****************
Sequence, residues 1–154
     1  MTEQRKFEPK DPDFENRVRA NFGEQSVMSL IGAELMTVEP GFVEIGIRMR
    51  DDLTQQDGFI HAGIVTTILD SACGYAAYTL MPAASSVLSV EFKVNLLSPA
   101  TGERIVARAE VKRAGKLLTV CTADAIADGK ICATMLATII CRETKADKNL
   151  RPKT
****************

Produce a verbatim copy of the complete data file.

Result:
Sequence, residues 1–154
     1  MTEQRKFEPK DPDFENRVRA NFGEQSVMSL IGAELMTVEP GFVEIGIRMR
    51  DDLTQQDGFI HAGIVTTILD SACGYAAYTL MPAASSVLSV EFKVNLLSPA
   101  TGERIVARAE VKRAGKLLTV CTADAIADGK ICATMLATII CRETKADKNL
   151  RPKT